The hotel closed in 1929, and two years later reopened in a new building further uptown on Park Avenue, where it still stands today. The original building here on Fifth Avenue was then demolished to clear the space for the Empire State Building, which was completed in 1931 after just over a year of construction.

Copley Plaza Hotel, Boston

The Copley Plaza Hotel in Boston, sometime between 1912 and 1920. Image courtesy of the Library of Congress, Detroit Publishing Company Collection.

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The hotel in 2015:

These photos were taken from about the same spot as the ones in the previous post, just facing to the left of Huntington Avenue.  This view shows the Copley Plaza Hotel, which has had few exterior changes in the past century, and remains a prominent Boston hotel today.  This site was once home to the Museum of Fine Arts, before they relocated to their present site further down Huntington Avenue.  The hotel was completed in 1912, and since then has hosted a number of distinguished guests, including most U.S. presidents as well as many foreign dignitaries and heads of state.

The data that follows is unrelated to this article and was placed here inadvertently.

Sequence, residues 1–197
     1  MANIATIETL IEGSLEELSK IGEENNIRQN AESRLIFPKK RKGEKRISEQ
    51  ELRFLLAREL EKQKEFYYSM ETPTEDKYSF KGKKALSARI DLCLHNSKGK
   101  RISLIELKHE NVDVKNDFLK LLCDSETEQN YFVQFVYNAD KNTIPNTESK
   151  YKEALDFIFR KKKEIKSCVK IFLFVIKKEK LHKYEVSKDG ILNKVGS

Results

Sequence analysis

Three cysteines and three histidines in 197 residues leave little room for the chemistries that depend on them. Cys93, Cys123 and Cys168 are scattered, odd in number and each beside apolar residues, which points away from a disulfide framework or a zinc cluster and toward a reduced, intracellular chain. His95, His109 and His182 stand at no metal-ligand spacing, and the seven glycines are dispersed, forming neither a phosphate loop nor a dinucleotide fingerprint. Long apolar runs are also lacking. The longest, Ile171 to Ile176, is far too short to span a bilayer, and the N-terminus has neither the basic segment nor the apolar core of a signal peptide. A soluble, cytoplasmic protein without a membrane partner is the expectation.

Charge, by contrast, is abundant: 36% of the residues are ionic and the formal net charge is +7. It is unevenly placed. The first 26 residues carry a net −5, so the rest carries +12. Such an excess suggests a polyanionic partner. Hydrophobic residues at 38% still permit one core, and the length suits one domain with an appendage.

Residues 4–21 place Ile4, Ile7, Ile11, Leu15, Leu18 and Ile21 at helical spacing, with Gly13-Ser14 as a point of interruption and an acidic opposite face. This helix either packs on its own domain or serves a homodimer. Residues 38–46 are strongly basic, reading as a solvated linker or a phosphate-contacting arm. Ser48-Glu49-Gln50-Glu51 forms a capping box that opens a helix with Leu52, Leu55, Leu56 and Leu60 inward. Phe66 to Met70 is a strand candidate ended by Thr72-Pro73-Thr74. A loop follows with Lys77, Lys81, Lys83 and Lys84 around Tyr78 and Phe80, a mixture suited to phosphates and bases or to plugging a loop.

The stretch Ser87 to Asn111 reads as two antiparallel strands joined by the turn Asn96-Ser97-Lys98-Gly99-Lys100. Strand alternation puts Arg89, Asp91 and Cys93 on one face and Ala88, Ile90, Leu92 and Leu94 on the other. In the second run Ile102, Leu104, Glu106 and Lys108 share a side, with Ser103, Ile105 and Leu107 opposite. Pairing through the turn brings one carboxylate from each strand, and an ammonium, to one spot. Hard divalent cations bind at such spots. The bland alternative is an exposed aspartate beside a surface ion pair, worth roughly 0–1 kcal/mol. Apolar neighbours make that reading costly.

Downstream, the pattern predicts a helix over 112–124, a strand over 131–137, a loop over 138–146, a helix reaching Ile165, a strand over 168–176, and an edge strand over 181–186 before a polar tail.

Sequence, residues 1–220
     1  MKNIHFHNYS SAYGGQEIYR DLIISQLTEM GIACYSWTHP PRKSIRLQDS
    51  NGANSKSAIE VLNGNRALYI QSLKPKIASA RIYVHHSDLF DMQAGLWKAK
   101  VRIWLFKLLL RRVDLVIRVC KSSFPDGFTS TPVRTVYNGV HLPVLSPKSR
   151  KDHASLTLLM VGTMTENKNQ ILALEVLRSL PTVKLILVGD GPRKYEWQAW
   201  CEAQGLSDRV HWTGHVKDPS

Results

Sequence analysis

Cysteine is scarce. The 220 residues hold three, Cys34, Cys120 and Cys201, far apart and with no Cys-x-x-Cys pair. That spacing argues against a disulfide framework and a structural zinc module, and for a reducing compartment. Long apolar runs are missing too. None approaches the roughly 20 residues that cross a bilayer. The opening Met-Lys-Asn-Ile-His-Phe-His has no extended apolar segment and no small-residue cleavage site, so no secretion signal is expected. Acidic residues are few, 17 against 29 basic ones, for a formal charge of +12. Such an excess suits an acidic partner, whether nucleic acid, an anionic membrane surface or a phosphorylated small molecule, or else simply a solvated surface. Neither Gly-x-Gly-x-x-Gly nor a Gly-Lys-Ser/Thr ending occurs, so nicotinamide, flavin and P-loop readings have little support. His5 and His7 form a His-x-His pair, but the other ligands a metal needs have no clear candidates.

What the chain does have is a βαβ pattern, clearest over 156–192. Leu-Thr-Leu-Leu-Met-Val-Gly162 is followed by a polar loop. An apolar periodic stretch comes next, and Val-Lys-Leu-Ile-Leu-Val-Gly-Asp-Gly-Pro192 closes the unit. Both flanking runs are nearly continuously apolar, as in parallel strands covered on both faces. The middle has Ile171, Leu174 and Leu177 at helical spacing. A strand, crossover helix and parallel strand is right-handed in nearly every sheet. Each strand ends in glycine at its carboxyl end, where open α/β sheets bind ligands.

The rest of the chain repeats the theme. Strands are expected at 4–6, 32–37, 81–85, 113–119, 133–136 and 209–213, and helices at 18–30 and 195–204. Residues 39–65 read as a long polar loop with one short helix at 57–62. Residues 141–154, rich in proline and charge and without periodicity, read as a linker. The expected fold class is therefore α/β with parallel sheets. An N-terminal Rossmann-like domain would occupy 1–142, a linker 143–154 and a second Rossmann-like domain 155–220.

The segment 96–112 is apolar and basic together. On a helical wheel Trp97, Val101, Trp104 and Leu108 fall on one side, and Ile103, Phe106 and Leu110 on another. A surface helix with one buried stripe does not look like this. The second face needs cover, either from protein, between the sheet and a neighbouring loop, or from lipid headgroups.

Boston mayor John F. Fitzgerald presided over the opening ceremonies, five years before his grandson, John Fitzgerald Kennedy, was born.  The hotel also has another, more tragic connection to the grandfather of a prominent national politician; in 1921, the grandfather of present Secretary of State John Kerry committed suicide in a bathroom here.  Less than 20 years later, another notable suicide occurred here when Cincinnati Reds catcher Willard Hershberger became the only Major League Baseball player to commit suicide during the baseball season, on August 3, 1940.  Normally the team’s backup catcher, he had to play full-time in the middle of a pennant race after the starting catcher was injured, but became distraught after blaming himself for several poor games, including a 4-3 loss to the Boston Bees the day before.  The Red would ultimately go on to win the World Series that year, in part out of a desire to honor Hershberger’s memory.

By the mid-1900s, the hotel had begun to decline, and it was rebranded as the Sheraton Plaza hotel, complete with a tacky neon sign on the roof.  For some time it was more of a budget hotel than the grand hotel that it had once been, but in 1972 it was purchased by John Hancock Mutual Life Insurance Company, the same company that was building the John Hancock Tower next door.  They restored the historic building, and today it is operated by Fairmont Hotels and Resorts as the Fairmont Copley Plaza.  More than a century after it opened, it is still one of the city’s premiere hotels, and probably its most recent notable visitor was President Obama, who gave a Labor Day speech here earlier this month.